2,321 women worldwide were surveyed about their use of dating apps
A new survey carried out on women who use dating apps has revealed that almost 90% have been harassed while using them.
The survey, carried out by cybersecurity news website CyberNews.com, questioned 2,321 women worldwide about their experiences of using dating apps ahead of International Women’s Day.
A huge 91% of women reported being called an offensive name while using a dating app, while 67% reported receiving unwanted explicit photos.
74% of the women surveyed reported someone continuing to contact them after they had expressed not being interested, while 71% of women say that they fear being stalked by someone they’re talking to online.
Worryingly, 38% of those surveyed said they were threatened with physical harm while using an app, with 48% reporting that someone they had talked to had made them fear for their safety.
CyberNews.com questioned some women about their worst experiences using dating apps, and the answers were disturbing. One woman, who is using the name Esther, reported blocking a man who continued to message her aggressively after she had stopped replying. He then messaged her from another number, calling her a b*tch.
Technology can be a major factor in dating, domestic and sexual abuse. A 2019 campaign put together by Women’s Aid highlighted the popularity of technology in young people’s dating lives, with abusive partners using mobile phones and social media to stalk, monitor and control partners.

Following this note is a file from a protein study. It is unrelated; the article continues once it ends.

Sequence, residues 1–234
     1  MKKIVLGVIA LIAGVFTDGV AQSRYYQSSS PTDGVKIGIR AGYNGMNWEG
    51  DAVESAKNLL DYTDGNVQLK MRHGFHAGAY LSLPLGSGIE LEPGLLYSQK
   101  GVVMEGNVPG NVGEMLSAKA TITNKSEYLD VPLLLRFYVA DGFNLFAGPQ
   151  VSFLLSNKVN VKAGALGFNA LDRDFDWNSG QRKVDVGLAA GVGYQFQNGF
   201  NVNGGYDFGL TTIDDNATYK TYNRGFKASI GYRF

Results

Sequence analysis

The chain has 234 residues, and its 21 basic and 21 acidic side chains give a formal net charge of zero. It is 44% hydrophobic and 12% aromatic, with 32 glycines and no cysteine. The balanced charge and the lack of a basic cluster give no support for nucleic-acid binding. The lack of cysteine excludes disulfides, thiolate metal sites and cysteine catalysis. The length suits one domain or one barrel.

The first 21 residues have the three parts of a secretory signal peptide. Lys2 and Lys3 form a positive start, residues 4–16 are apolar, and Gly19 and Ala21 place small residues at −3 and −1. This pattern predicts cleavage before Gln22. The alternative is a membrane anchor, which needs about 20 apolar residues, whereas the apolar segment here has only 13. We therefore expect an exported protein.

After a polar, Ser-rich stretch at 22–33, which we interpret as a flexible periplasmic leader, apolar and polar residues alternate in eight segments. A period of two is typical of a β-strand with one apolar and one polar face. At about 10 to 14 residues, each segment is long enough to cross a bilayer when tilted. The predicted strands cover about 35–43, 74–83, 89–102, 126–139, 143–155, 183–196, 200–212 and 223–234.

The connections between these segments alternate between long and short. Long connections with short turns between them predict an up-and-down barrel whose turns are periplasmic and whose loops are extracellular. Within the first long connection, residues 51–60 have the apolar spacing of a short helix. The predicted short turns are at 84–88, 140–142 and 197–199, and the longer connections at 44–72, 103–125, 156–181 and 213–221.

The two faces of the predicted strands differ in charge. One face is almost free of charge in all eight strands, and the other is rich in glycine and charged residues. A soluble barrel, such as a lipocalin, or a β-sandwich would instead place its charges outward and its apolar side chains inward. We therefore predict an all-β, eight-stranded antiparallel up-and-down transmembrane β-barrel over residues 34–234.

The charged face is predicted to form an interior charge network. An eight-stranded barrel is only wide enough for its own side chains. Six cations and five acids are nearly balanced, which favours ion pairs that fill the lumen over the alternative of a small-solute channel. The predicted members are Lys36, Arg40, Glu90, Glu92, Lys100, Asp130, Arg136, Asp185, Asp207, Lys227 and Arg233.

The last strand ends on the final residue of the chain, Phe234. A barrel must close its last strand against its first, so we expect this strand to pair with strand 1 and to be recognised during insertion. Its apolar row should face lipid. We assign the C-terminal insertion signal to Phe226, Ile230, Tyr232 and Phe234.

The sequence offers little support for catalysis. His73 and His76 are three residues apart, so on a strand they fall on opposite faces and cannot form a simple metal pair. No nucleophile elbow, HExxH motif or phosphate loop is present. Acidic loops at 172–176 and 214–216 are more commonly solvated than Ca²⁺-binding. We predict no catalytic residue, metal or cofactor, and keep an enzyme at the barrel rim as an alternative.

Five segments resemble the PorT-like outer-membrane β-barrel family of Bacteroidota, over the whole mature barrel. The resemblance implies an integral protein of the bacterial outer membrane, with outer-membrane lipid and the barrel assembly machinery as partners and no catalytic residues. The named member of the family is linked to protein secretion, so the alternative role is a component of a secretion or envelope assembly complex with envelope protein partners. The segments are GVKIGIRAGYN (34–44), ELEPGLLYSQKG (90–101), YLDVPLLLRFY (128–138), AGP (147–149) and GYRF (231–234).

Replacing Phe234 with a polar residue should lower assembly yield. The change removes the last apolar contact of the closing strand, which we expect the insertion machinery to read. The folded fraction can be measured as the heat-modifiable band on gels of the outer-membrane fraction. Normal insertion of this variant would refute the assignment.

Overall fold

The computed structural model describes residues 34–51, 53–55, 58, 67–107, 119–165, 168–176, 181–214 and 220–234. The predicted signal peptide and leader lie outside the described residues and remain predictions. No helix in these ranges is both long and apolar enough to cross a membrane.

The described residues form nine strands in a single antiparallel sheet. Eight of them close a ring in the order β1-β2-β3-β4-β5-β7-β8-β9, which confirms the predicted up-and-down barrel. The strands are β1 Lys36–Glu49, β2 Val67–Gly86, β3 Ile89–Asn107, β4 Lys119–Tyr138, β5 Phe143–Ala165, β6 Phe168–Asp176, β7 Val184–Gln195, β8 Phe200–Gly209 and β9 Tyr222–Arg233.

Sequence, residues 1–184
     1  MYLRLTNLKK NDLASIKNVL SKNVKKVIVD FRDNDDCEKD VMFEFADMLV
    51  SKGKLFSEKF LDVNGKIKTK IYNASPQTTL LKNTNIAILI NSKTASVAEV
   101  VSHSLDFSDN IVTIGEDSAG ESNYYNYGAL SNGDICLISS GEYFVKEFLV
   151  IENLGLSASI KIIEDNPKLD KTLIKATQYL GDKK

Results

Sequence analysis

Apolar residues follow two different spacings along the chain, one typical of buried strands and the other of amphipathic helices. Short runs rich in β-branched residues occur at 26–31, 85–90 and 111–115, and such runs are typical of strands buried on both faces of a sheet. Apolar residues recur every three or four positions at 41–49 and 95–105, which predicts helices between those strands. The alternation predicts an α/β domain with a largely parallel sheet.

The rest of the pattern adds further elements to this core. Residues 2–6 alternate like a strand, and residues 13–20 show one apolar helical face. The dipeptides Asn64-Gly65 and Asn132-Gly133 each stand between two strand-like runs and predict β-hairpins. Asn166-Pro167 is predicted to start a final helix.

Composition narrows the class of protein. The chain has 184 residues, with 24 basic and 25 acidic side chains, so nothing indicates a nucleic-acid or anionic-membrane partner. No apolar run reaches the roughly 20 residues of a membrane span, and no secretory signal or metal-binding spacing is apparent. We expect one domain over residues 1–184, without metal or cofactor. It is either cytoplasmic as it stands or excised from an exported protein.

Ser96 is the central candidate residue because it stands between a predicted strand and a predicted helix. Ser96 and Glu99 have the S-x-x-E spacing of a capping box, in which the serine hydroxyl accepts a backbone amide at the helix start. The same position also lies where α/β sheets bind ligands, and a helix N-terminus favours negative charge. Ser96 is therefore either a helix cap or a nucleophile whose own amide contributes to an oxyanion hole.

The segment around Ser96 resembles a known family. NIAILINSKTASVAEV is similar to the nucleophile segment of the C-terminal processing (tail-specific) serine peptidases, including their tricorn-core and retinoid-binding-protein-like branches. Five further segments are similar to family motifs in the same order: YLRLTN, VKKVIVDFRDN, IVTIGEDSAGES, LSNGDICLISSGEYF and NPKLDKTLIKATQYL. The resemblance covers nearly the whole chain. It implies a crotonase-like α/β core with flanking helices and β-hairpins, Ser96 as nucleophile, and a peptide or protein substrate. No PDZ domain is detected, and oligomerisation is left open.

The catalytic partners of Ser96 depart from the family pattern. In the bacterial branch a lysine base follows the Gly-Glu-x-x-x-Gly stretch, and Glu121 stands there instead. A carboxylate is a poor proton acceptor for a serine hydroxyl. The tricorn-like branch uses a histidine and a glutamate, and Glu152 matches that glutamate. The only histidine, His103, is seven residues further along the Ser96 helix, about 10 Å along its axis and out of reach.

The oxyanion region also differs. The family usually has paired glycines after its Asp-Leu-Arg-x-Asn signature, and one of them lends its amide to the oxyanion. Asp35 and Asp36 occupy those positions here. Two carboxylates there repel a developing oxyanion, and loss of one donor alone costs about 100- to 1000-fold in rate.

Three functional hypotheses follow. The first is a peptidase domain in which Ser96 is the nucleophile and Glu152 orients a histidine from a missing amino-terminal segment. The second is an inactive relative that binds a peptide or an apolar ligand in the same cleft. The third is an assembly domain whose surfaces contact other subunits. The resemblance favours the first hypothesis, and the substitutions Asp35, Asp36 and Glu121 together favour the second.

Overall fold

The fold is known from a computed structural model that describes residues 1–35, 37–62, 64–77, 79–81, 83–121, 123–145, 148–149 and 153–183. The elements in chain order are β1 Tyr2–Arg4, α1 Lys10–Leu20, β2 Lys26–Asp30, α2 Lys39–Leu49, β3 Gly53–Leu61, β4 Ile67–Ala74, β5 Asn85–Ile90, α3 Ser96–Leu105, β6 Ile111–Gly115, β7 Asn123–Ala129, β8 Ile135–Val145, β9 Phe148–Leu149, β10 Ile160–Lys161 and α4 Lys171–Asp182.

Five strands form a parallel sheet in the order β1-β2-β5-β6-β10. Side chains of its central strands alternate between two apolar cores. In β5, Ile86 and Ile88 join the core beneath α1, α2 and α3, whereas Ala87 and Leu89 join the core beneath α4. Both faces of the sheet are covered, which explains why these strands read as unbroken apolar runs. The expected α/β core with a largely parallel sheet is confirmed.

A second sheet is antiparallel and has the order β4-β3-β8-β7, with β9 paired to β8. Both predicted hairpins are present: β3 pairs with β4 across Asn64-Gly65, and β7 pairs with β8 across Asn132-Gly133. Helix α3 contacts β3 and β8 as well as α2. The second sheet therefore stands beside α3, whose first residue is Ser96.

Research from Women’s Aid shows that 60% of abusive relationships in Ireland start before the age of 25.
A whopping 20,722 disclosures of domestic abuse were made to Women’s Aid in 2018, including forms of cyber-harassment such as untrue rumours being spread; sexually explicit/pornographic photos being shared online, and even advertising women as escorts without their consent or knowledge.
At the time of the research, Sarah Benson, CEO of Women’s Aid, said: “In our experience, women who are victims of partner harassment often experience a mix of ‘traditional’ and cyber-harassment… he may follow and watch her, access and modify her online data, post graphic and humiliating lies and/or intimate images on the internet without consent, make threatening communications of various types (letters, SMS, phone calls, posts), or install spyware on her personal electronic devices.
Consequences for victims can be very severe, both psychologically and practically… Women need full protection urgently from this insidious and harmful abuse.”
If you feel concerned about your usage of dating apps, the Women’s Aid 24hr National Freephone Helpline is available seven days a week at 1800 341 900. If you feel that you may be in immediate danger, contact the Gardaí on 999 or 112.
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